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 Renee K. CooneyRenee K. Cooney 

Renee K. Cooney, PLS, ABR®, SRES®
Owner / Broker / Realtor®      NC Real Estate Instructor  & Surveyor


Cell: (828) 371-4360

 Office: (828) 369-3000

Fax: (828) 369-3609

Legacy Properties by Renee

459 E. Palmer St.

Franklin, NC 28734





Heather Ball,  Broker Associate

 Cell: (330) 205-9885


Belinda Sanders,

Broker Associate

Cell: (828) 421-6509


Chelsie Pinkerton, Broker AssociateChelsie Pinkerton, Broker AssociateChelsie Pinkerton, Broker Associate

Cell: (828) 342-1457


  1. Licensing means state certification: As we mentioned above, licensing requires certification by the state—an electrician earning a state license means that he or she has trained a certain number of hours, knows the state codes and regulations, and takes safety seriously. Though not the only standard for measuring electrical work, state requirements are stringent and all work must fit within a certain spec.
  2. Licensing ensures that work meets certain quality standards: A DIY electrical job (or a job done by an unlicensed electrician) isn’t guaranteed to be of a certain quality—it could be well-done, but it could also very well be poorly-done and even dangerous. Licensing requires that certain work be done a certain way by people with proper training, meaning that your work is guaranteed to meet a standard of quality. That’s essential with something as critical as your home’s electrical system.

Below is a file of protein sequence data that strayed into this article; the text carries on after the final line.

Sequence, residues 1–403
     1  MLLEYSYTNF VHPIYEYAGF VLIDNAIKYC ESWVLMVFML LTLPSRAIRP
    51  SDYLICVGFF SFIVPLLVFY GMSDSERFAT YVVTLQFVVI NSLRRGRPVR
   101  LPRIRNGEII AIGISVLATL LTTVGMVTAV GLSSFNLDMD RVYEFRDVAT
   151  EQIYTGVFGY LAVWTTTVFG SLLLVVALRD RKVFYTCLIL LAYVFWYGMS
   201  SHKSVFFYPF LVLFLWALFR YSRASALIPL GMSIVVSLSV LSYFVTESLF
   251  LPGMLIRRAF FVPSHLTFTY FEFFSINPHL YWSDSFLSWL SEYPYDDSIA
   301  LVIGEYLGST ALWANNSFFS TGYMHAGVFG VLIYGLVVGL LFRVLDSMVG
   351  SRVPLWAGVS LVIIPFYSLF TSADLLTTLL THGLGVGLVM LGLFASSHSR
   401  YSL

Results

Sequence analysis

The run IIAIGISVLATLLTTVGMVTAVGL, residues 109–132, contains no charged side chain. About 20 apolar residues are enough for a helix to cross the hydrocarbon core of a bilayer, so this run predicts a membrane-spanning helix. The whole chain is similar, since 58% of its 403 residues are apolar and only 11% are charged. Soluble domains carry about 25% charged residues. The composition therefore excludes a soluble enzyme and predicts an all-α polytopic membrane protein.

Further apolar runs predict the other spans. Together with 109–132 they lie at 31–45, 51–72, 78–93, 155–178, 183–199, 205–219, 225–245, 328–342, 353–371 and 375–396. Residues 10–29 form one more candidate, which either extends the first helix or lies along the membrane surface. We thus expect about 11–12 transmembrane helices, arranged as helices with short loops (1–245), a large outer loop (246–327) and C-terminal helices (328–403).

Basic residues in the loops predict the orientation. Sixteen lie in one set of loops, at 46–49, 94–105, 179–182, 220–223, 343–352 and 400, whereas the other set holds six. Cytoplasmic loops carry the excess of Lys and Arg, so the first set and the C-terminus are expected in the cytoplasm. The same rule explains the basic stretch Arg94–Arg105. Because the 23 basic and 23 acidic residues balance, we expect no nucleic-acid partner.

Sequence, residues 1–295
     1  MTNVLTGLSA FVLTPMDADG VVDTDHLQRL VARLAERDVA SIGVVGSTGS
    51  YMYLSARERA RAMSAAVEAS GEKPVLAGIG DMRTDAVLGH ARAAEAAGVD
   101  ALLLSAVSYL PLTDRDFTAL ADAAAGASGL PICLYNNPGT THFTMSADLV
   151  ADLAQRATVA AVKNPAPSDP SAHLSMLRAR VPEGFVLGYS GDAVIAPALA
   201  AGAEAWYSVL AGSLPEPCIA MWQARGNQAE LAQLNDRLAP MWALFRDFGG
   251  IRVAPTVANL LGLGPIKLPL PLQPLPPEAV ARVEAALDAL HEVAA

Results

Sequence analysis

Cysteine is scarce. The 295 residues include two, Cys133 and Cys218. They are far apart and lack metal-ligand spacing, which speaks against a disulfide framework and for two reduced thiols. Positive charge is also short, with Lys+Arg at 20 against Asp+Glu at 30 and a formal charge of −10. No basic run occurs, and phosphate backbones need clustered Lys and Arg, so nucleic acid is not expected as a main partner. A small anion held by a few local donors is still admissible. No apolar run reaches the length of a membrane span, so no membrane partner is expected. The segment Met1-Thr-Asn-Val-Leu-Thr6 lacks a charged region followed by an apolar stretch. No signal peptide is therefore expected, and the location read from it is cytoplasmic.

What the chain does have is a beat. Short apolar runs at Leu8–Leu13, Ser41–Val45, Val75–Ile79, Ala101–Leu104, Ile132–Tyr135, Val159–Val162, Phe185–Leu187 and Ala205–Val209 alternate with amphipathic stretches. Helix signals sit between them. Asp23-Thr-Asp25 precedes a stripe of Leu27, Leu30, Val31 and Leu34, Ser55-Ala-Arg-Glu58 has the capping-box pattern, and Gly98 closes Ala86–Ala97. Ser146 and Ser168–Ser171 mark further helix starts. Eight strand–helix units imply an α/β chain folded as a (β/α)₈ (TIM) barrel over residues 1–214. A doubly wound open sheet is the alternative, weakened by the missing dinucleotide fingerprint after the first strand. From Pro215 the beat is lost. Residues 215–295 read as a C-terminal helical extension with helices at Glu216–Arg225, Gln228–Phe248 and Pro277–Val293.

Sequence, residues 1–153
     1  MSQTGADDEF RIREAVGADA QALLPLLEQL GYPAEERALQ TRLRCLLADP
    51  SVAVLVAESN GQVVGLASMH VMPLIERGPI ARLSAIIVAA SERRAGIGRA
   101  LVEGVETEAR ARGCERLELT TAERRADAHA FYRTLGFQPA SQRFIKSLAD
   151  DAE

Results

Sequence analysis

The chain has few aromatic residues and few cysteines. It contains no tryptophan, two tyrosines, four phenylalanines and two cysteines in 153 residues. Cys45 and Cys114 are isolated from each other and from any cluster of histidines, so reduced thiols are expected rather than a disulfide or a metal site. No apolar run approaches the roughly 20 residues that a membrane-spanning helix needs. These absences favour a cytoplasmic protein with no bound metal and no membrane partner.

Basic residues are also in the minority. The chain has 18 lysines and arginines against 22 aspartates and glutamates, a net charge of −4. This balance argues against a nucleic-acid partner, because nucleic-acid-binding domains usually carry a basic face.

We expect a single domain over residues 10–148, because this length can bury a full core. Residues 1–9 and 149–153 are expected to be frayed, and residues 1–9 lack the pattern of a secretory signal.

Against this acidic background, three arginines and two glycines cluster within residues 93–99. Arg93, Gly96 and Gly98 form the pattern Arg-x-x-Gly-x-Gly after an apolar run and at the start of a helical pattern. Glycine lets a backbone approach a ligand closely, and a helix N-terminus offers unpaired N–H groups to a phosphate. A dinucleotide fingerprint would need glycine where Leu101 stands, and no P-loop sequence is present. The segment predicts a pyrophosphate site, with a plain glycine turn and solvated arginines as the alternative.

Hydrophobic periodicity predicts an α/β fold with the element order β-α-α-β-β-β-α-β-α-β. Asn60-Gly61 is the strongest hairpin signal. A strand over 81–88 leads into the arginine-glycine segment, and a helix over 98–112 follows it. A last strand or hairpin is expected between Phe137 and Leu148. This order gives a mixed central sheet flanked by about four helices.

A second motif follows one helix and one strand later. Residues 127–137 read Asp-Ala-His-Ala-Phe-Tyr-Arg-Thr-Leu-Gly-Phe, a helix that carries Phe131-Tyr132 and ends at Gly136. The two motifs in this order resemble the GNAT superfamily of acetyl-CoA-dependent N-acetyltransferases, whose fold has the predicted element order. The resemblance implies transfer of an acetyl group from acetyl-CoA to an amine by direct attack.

3. Insurance and inspections require licensed work: Selling your home and getting an inspection? Have homeowner’s insurance? In either case, you must be able to prove that your home is up to code. Work done by a licensed electrician will have a clear paper trail and clear quality. If any questions arise for an inspector or for your insurance company, you’ll be able to prove how the work was done, when, and who did the work.

Mike Raby



Jerry Elders



Jamie Rold